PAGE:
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The NHS watchdog says people should make sure their waist measurement is less than half their height to avoid health problems.

For the first time, the National Institute for Health and Care Excellence (Nice) says adults with a body mass index (BMI) under 35 should measure their own waist-to-height ratio as part of their broader plan to tackle obesity.

A BMI between 18 and 25 is considered a healthy weight, between 25 and 30 is overweight, and over 30 is obese.

Nice says that by using the waist-to-height ratio, along with BMI, people can see if they’re carrying excess fat around their midsection, which is seen as a cause of obesity. risk of type 2 diabetes, high blood pressure, and heart disease. .

Anyone who wants to find out their waist-to-height ratio can use an online calculator or can have a medical professional calculate it for them.

For example, a 5ft 4in woman with a waist circumference of 29in would have a healthy ratio, but 32in would push them into the unhealthy range.

A 5ft 10in tall man has a higher health risk with a waist circumference of 36 inches.

Guidelines say a healthy waist-to-height ratio is 0.4 to 0.49, indicating no increased health risk.

A ratio of 0.5 to 0.59 puts people at high risk for health problems, while 0.6 or higher puts them at highest risk for health problems.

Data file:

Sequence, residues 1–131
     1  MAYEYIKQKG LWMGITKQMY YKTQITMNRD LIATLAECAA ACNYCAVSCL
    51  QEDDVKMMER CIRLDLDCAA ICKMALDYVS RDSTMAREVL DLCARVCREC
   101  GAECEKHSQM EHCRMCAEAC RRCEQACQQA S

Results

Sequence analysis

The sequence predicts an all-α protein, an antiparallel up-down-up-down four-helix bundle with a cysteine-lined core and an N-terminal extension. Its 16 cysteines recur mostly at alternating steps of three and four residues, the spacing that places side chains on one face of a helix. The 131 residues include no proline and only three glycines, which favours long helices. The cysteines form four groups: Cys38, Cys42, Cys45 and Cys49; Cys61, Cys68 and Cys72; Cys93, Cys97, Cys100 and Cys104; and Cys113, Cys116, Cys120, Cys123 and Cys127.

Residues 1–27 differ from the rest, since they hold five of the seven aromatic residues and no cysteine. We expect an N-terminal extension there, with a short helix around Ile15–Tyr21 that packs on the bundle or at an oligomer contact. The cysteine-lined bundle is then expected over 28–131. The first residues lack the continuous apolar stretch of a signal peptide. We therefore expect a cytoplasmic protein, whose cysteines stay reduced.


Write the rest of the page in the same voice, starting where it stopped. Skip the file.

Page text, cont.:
This guideline recommends, consistent with international guidelines, the use of lower BMI thresholds for overweight and obesity for people of South Asian, Chinese, Other Asian, Middle Eastern, Black African or Africa-Caribbean.

These groups are more likely to carry a moderate weight and have a higher health risk with a lower BMI.

It also outlines ways to assess childhood obesity and says appropriate plans should be considered for children with a high BMI or waist-to-height ratio above 0.5.

Dr Paul Chrisp of Nice said: “Our updated draft guidelines provide people with a simple and effective way to measure their weight so they can understand the factors that can affect their health. and take action to address them.

“Our committee found that a clear benefit of using the waist-to-height ratio was that people could more easily measure themselves, interpret results, and seek medical advice if they were at risk. health increases”.

Guidelines committee member Professor Rachel Batterham, consultant in obesity, diabetes and endocrinology, said: ‘Increased belly fat increases the risk of a number of life-limiting diseases. of a person including type 2 diabetes and heart disease.

“The waist-to-height ratio is a simple, easy-to-use metric to identify people who are at increased risk for health and would benefit from supporting weight management to improve their health. surname.”

Draft guidelines can be consulted.

The 2019 UK Health Survey estimated 28% of adults were obese and 36% overweight.

The current cost of obesity in the UK is £6.1 billion for the NHS and £27 billion for society as a whole.

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